Shell will return billions of dollars to its shareholders as it continues to profit from massive energy price hikes following the Russian invasion of Ukraine.
The business said it would buy back six billion dollars (£4.9 billion) worth of shares from its investors, as earnings beat expectations.
Adjusted earnings hit nearly 11.5 billion dollars (£9.5 billion) for the second quarter of the year, compared with the less than 11 billion (£9 billion) that analysts had forecast.
It is a record second quarter result for the business.
The record profits are easy to trace, with the price of the barrels of oil it sells rising from 62.53 dollars a year ago to 101.42 today.
Gas prices rose from 4.31 dollars to 13.85 dollars per thousand standard cubic feet over the same period.
These prices are feeding through to people across the world.
In the UK, household energy bills are expected to spike to £3,850 in January – almost twice the level of today’s record high.
Fuel bills for drivers and food prices have also risen due to the increased price of fossil fuels.
“With volatile energy markets and the ongoing need for action to tackle climate change, 2022 continues to present huge challenges for consumers, governments, and companies alike,” said chief executive Ben van Beurden.
“Consequently, we are using our financial strength to invest in secure energy supplies which the world needs today, taking real, bold steps to cut carbon emissions, and transforming our company for a low-carbon energy future.”
On a call with reporters, Shell finance boss Sinead Gorman criticised the Government’s windfall tax.
The tax gave strong incentives which allowed companies to invest in oil and gas. But there were no tax incentives in the policy for green investment.
“What we’re very hopeful for is that governments will continue to incentivise that transition, and that is really what we’re pushing for,” Ms Gorman said.
Gas prices are rising across Europe and the continent faces a difficult winter ahead.
It remains to be seen if gas will need to be rationed in the continent, but with Russia strangling its gas supplies to the region, prices will be astronomically high.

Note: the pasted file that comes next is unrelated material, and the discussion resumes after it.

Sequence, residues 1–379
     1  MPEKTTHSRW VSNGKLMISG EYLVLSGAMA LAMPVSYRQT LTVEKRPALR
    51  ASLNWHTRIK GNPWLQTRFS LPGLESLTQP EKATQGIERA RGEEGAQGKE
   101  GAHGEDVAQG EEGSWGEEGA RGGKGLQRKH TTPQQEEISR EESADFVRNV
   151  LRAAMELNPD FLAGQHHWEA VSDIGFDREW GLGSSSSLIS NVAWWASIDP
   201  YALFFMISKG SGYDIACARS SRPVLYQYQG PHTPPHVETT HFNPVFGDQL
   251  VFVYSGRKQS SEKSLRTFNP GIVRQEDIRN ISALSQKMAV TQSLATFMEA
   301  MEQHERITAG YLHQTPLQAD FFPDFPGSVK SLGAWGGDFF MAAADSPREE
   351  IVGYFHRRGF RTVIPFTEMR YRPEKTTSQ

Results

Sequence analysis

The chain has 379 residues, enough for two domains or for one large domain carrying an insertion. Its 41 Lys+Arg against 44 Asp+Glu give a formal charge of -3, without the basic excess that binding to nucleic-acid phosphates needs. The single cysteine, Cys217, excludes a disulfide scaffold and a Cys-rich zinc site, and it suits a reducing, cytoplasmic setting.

It means that Europe will turn to buying gas from elsewhere.
Mr van Beurden said it is a “very uncomfortable” position because Europeans will be outbidding other countries to attract the world’s limited number of liquid natural gas (LNG) shipments.
“There is not a lot of spare capacity of LNG in the world, it’s not like oil where somehow we have a reservoir of spare capacity that can be brought to bear,” he said.
“What really needs to happen is if we in Europe want more LNG we have to take it away from those who are getting it at the moment.”
He said that fortunately LNG demand from China has not yet recovered to pre-Covid levels, so that gas is “fair game”.
“But of course if we really have to supply a lot more into Europe to deal with the tightness that may come in the winter, we will have to significantly, as a world, eat into LNG supplies that would otherwise go to an economy that also needs them.”
He said that the alternative for many of these countries will be to burn more coal.
Labour’s shadow climate change and net zero secretary Ed Miliband said: “As profits soar to record levels for oil and gas producers, we face a serious and worsening energy bills crisis, far worse even than a couple of months ago.
“Yet at the same time the Government is proposing billions in new tax breaks for oil and gas – an obscene decision when families are facing a true cost-of-living emergency.
“Both candidates for the Tory leadership have shown themselves living on another planet when it comes to the cost of living emergency.
“Rishi Sunak opposed the windfall tax tooth and nail and has introduced a multi-billion tax break for the oil and gas sector, while Liz Truss appears to believe that the cost-of-living crisis can be solved by abandoning renewable energy – the cheapest form of power we have.”